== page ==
None of the casualties, who included three Royal Ulster Constabulary officers, was seriously hurt. But damage was caused to a wide area, and the fact that the IRA was able to penetrate the police and military cordon will probably result in a new security clampdown.
The bomb, said by the IRA to contain 1,000lb of explosives, was left in a rubbish skip on the back of a lorry in Glengall Street, where a similar device exploded 18 months ago. Two controlled Army explosions failed to destroy the bomb.
The Europa hotel, described as Europe's most bombed building, was again badly damaged. A large hole was blown in the wall of the Grand Opera House, the restored Victorian theatre which has been the centrepiece of Belfast's modest cultural revival in recent years. Damage was also caused to the headquarters of the Ulster Unionist Party and to several large office blocks.
The bombing coincided with the start of counting in Northern Ireland's council elections. Although councils have next to no powers, the elections are regarded as a highly accurate opinion poll showing the mood of the electorate.
The results are being keenly watched by the Government in the hope of a move towards moderation since Sir Patrick Mayhew, Secretary of State for Northern Ireland, intends to press for a speedy resumption of political talks.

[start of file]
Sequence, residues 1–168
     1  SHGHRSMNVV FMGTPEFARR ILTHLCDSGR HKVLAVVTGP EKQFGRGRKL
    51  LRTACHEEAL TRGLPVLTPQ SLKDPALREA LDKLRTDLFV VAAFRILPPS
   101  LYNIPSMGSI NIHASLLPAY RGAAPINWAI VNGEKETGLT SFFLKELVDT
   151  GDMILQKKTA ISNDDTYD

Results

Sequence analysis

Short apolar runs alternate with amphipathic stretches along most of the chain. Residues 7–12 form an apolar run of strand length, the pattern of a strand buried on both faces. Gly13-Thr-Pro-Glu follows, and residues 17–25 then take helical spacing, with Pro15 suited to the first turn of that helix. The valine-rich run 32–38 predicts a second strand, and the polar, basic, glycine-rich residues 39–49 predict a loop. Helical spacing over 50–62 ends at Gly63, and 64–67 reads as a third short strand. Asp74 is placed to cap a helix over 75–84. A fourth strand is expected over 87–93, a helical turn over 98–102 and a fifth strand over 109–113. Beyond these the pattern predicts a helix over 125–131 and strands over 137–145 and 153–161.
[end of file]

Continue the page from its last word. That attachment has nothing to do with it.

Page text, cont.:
Since the elections are held under the proportional representation system, the multiple counts take two days to complete.
The Sinn Fein result is always watched with particular interest, but the boxes from its west Belfast stronghold will not be opened until this morning. There were signs in both north Belfast and Tyrone, however, that its vote has held and, in some cases, increased.
The Conservative Party, which has extended its organisation to Northern Ireland in recent years, has fared badly. The party only held a dozen of the 582 seats, but it looks set to lose some of these. By contrast, the middle-of-the-road Alliance Party fared better than had been expected and claimed yesterday that its total of councillors is set to rise. The Rev Ian Paisley's Democratic Unionist Party notched up some sizeable personality votes yesterday, but traditionally does less well on the second day of counting.
The larger parties, in particular the Ulster Unionists and the Social Democratic and Labour Party, seemed to hold their votes. They tend to do better on the second day, attracting lower preference votes as other candidates drop out of the running.
However, in Dungannon, Co Tyrone, the council seat of Ken Maginnis, the Ulster Unionist MP, was in danger last night. He had advised a number of voters to give their first preferences to party colleagues in order to have three party members elected in his area, but it appeared that he might have left himself with too few votes.Reuse content